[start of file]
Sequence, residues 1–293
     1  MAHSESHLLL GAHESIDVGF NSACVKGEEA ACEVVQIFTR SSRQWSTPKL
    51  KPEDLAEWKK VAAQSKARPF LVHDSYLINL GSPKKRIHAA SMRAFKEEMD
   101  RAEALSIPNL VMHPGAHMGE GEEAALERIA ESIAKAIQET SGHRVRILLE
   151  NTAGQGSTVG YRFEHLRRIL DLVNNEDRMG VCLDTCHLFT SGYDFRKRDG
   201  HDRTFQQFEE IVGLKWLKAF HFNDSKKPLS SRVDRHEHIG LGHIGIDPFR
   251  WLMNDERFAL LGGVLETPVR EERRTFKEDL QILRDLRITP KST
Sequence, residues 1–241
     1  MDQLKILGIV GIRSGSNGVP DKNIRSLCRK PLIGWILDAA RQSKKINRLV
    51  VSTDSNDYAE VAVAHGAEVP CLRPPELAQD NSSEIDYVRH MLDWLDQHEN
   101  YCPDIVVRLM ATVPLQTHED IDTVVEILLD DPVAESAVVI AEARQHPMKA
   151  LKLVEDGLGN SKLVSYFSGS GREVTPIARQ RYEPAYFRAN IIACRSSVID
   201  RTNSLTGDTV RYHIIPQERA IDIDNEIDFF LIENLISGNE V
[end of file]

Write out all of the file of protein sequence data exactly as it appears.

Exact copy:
Sequence, residues 1–293
     1  MAHSESHLLL GAHESIDVGF NSACVKGEEA ACEVVQIFTR SSRQWSTPKL
    51  KPEDLAEWKK VAAQSKARPF LVHDSYLINL GSPKKRIHAA SMRAFKEEMD
   101  RAEALSIPNL VMHPGAHMGE GEEAALERIA ESIAKAIQET SGHRVRILLE
   151  NTAGQGSTVG YRFEHLRRIL DLVNNEDRMG VCLDTCHLFT SGYDFRKRDG
   201  HDRTFQQFEE IVGLKWLKAF HFNDSKKPLS SRVDRHEHIG LGHIGIDPFR
   251  WLMNDERFAL LGGVLETPVR EERRTFKEDL QILRDLRITP KST
Sequence, residues 1–241
     1  MDQLKILGIV GIRSGSNGVP DKNIRSLCRK PLIGWILDAA RQSKKINRLV
    51  VSTDSNDYAE VAVAHGAEVP CLRPPELAQD NSSEIDYVRH MLDWLDQHEN
   101  YCPDIVVRLM ATVPLQTHED IDTVVEILLD DPVAESAVVI AEARQHPMKA
   151  LKLVEDGLGN SKLVSYFSGS GREVTPIARQ RYEPAYFRAN IIACRSSVID
   201  RTNSLTGDTV RYHIIPQERA IDIDNEIDFF LIENLISGNE V